Monday, March 31, 2008

Junta's draft constitution backs status quo


YANGON, Myanmar (AP) -- Myanmar's draft constitution perpetuates military domination of politics and protects junta members from prosecution for past actions, according to a copy of the document obtained Monday.

Myanmar has been under mounting pressure over its crackdown on pro-democracy protests.

The draft was completed in February and will go before voters in a May referendum. It has not yet been made public, but a copy of the 194-page text was obtained by The Associated Press.

The draft charter allots 25 percent of seats in both houses of parliament to the military.

It also effectively bars pro-democracy leader Aung San Suu Kyi from becoming president or a lawmaker because she was married to a foreigner, maintaining a controversial clause from guidelines used to draft the charter. Her late husband, Michael Aris, was British.

Another clause in the draft protects members of the current junta, which has been in power since 1988, from legal prosecution for any acts carried out as part of their official duties.

In September a deadly government crackdown on pro-democracy protesters and monks drew worldwide attention to the repressive regime, which has been under international pressure to make democratic reforms. The U.N. estimates at least 31 people were killed and thousands more were detained in the crackdown.

The ruling junta has also long been under global criticism for its detention of Nobel Peace Prize laureate Suu Kyi, who has been in prison or under house arrest for more than 12 of the past 18 years.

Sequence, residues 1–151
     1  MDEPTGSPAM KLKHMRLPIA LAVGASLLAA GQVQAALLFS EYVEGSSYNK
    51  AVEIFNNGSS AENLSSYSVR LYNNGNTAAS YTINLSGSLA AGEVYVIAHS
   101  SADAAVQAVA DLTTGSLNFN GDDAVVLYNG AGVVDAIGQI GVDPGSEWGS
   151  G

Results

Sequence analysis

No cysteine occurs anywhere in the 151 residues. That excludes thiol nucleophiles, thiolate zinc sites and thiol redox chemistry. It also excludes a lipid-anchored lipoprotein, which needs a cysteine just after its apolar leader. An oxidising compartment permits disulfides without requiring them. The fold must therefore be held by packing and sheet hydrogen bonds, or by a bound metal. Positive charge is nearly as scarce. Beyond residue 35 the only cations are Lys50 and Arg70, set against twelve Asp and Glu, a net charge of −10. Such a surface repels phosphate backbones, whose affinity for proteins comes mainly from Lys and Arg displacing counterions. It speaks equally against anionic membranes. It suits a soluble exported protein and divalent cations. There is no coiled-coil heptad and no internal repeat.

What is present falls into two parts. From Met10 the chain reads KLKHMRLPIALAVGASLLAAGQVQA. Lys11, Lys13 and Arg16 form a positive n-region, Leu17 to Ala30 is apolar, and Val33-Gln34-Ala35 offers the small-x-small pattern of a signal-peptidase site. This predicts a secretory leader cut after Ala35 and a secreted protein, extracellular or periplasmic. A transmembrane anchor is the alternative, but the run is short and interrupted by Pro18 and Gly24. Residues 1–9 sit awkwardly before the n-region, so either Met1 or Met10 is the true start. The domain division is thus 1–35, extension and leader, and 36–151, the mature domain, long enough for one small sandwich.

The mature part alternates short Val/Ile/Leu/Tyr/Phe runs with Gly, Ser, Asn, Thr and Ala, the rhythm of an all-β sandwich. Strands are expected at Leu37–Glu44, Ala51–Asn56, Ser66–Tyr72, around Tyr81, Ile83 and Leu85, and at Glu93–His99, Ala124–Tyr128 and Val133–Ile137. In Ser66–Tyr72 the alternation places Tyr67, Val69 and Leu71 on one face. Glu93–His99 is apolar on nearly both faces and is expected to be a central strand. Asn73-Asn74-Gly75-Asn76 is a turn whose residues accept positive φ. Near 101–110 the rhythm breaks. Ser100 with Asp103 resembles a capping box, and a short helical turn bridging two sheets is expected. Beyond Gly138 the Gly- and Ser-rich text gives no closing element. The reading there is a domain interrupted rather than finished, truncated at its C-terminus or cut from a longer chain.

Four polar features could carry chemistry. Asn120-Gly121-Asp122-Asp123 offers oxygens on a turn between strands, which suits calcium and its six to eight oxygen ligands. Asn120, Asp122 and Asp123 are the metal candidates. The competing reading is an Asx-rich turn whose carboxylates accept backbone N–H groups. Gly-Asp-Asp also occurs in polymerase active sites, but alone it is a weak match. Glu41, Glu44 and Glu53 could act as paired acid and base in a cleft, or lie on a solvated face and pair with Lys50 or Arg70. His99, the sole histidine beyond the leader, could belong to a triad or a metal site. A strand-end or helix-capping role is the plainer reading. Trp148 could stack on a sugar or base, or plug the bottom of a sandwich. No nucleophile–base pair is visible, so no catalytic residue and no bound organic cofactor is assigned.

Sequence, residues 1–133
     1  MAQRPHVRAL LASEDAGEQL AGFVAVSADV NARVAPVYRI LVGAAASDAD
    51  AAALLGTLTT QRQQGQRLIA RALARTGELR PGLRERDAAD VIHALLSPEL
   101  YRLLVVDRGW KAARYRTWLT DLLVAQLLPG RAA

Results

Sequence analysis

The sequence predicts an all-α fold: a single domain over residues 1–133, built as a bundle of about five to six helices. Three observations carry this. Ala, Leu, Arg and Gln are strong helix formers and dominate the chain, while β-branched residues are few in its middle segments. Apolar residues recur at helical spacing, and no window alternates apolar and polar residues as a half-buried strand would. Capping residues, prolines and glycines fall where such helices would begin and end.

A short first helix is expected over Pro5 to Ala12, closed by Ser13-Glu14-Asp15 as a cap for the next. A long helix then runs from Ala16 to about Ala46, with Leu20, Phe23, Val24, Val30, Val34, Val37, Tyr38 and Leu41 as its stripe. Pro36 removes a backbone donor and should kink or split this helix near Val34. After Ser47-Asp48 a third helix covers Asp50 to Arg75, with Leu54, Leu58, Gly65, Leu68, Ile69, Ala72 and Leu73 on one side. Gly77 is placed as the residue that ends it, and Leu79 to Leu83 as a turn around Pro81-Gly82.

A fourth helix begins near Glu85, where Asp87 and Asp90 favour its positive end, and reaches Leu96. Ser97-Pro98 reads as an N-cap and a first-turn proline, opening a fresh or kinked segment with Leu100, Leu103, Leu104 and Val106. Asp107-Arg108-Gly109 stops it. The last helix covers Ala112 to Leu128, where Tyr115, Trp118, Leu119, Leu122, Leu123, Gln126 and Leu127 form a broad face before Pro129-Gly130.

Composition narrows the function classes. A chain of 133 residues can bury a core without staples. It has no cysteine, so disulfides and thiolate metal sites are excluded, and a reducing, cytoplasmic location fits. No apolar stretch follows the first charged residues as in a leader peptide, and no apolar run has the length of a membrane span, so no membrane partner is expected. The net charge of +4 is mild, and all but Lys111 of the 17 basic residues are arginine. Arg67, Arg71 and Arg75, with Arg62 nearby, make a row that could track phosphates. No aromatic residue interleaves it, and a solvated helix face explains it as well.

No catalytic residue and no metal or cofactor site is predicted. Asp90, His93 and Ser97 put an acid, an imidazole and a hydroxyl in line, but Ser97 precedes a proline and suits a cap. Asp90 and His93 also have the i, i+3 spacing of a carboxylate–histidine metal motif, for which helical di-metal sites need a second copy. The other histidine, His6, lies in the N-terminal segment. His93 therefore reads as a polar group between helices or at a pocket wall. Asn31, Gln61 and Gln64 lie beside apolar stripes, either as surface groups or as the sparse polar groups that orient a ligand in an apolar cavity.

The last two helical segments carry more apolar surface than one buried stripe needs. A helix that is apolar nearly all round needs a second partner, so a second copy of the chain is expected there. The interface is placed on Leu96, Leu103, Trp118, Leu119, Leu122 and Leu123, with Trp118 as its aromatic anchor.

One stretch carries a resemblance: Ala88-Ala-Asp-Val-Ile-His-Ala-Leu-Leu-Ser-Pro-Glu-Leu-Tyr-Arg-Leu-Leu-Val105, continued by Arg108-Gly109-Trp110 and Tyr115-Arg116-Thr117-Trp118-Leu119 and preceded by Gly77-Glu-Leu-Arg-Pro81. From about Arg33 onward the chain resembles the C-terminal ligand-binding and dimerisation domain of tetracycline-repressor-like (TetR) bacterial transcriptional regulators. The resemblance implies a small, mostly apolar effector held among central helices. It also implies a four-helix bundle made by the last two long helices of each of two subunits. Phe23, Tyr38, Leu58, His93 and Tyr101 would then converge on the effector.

After it was criticized for the crackdown, the junta announced it would hold a referendum in May on the new constitution, followed by long-awaited general elections in 2010. The junta calls the process its "roadmap to democracy."

Critics have denounced the roadmap as a sham designed to perpetuate military rule, noting that the drafting process did not include Suu Kyi or members of her opposition National League for Democracy party.

The country's last election was held in 1990. The military refused to hand over power after Suu Kyi's party won by a landslide.

The draft constitution would legitimize a military takeover in the event of an emergency. It would empower the president to transfer legislative, executive and judicial powers to the military's commander in chief for a year if a state of emergency arises.

It also stipulates that the text cannot be amended without the consent of more than 75 percentof lawmakers -- making proposed changes unlikely without support from military representatives
in parliament.

The new constitution is supposed to replace the one scrapped when the current junta took power in 1988.

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